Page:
by George H. Morrison

The God of the Patriarchs
George H. Morrison
Acts 7:32

There is no knowledge attainable by man so vital as the knowledge of his God. To know Him with whom we have to do is the most important thing in human life. When we remember that without His hand not a blade of grass would have been green-when we remember that we depend on Him for every heartbeat and for every breath-when we remember that time is but an island engirdled by the ocean of eternity, who does not feel the pressure to know God? If life eternal be life in glorious fullness, then to God must be eternal life. Did we know God in all His height and depth, we should have conquered time and death forevermore. And that is why, in this strange life of ours, with all its struggling interests and ambitions, there is nothing that can for a moment be compared with knowing Him with whom we have to do. Far more important than attaining wealth, though that be the one passion of the market-far more important than achieving fame, that last infirmity of noble mind-far more important than anything on earth, in present influence and in eternal issue, is knowing whose we are and whom we serve. Now that is the value of such texts as this. They illuminate the character of God. They draw aside, if only by a little, the cloudy curtain that conceals the throne. And so tonight I would dwell upon this text, for it has given me a threefold glimpse of God, and what in quiet hours it has given me, it is my duty and my joy to give to you.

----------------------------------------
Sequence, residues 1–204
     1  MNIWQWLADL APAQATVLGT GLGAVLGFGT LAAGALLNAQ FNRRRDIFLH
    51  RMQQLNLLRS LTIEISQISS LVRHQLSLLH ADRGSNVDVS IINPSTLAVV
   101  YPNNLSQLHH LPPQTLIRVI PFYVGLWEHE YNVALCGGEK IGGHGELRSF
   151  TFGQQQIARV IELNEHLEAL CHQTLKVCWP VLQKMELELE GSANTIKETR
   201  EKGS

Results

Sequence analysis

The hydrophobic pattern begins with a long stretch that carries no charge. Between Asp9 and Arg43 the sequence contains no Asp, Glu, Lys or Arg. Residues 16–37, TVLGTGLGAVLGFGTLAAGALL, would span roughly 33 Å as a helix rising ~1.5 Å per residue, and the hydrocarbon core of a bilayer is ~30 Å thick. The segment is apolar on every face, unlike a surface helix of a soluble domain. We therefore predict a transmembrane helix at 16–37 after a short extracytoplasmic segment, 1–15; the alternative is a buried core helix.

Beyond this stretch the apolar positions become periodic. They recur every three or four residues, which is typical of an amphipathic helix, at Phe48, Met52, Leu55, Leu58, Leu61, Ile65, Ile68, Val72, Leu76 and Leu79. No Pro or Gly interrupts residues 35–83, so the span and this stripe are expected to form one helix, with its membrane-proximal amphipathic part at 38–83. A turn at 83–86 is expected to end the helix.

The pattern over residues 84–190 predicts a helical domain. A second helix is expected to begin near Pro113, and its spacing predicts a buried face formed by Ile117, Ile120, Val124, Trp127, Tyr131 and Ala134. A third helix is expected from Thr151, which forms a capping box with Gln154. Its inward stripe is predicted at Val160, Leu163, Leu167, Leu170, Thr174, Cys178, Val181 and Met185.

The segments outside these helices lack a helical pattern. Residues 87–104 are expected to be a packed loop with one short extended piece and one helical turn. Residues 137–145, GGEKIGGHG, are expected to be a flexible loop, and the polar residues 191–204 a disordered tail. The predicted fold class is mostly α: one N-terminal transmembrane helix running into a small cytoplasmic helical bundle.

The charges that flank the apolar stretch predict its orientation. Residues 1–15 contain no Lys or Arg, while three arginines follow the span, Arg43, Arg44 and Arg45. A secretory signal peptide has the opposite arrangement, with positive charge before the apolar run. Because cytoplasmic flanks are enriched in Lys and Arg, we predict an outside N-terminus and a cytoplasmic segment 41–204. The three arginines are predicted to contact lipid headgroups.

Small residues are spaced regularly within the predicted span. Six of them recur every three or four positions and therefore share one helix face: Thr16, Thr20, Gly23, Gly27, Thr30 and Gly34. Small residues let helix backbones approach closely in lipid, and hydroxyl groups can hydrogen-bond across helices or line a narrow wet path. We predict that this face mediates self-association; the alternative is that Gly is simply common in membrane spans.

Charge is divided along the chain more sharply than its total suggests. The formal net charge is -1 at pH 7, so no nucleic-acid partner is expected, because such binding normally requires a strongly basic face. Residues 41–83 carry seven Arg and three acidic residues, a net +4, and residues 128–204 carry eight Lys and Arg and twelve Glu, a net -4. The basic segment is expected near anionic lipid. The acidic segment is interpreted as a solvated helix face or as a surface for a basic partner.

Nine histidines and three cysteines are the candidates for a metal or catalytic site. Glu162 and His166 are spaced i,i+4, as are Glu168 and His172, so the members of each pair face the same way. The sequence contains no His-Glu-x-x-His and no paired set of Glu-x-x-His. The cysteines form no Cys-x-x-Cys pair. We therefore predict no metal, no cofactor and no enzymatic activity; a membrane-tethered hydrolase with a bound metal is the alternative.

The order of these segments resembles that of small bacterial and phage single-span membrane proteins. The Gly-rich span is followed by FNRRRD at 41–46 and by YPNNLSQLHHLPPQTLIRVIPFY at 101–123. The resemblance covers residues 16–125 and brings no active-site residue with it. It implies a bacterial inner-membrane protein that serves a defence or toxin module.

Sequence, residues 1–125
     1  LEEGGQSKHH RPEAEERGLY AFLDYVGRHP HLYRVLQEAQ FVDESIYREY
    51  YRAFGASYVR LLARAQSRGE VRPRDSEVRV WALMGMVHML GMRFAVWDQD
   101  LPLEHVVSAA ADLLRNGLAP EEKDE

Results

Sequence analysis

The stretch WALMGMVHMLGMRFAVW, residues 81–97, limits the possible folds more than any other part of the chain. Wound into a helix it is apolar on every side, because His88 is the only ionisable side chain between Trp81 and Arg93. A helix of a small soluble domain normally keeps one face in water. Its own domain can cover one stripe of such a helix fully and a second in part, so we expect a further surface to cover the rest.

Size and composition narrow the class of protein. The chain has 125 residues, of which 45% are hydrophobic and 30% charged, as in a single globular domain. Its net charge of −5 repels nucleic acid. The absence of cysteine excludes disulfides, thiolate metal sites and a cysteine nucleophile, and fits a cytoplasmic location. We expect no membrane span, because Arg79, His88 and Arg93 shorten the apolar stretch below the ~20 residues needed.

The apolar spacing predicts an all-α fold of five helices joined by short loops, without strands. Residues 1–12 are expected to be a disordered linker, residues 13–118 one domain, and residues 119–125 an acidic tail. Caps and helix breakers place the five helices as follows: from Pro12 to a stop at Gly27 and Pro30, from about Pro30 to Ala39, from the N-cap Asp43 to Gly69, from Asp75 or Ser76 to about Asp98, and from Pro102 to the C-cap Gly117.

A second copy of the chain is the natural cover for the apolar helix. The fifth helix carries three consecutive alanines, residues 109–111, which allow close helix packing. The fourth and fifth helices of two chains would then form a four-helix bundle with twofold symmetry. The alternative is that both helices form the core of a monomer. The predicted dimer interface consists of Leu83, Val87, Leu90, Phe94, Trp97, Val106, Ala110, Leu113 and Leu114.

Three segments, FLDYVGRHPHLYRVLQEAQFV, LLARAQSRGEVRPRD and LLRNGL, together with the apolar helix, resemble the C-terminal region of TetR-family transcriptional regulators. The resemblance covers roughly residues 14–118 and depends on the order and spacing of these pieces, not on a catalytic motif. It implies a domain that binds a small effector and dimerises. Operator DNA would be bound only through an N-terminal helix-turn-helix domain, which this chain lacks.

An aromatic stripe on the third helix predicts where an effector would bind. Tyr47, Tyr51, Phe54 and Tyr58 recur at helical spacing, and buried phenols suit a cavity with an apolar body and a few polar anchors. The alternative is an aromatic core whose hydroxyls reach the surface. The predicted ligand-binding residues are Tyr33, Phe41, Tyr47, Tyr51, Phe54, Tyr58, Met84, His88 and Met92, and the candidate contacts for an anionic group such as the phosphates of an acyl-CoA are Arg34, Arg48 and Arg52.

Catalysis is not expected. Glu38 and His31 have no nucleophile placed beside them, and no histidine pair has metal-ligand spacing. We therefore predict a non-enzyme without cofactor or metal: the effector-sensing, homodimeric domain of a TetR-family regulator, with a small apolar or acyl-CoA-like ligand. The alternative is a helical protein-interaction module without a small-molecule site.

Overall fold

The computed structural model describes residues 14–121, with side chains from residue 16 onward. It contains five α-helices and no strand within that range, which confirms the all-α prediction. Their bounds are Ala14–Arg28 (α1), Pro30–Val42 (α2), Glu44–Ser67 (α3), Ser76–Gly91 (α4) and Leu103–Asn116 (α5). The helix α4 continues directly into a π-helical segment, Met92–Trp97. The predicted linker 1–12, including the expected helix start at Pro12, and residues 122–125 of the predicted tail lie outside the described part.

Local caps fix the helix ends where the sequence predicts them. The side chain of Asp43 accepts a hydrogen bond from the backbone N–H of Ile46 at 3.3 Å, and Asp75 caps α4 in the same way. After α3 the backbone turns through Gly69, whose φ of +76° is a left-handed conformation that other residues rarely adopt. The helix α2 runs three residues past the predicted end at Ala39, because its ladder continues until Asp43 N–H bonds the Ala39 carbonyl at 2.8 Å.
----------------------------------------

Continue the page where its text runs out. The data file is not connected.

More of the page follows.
The first truth I learn from our text is this, that God is the God of separate individuals.1

When we go back in thought to those dim days that lie upon the farthest verge of history, we are oppressed, wherever we may turn, by a strange feeling as of shadowy multitude. We catch the confused sound of human voices, as in a distant murmuring of ocean; we come on traces of unnumbered hordes, moving across the world like tidal waters; we light on relics of pyramid or fort, where thousands must ...

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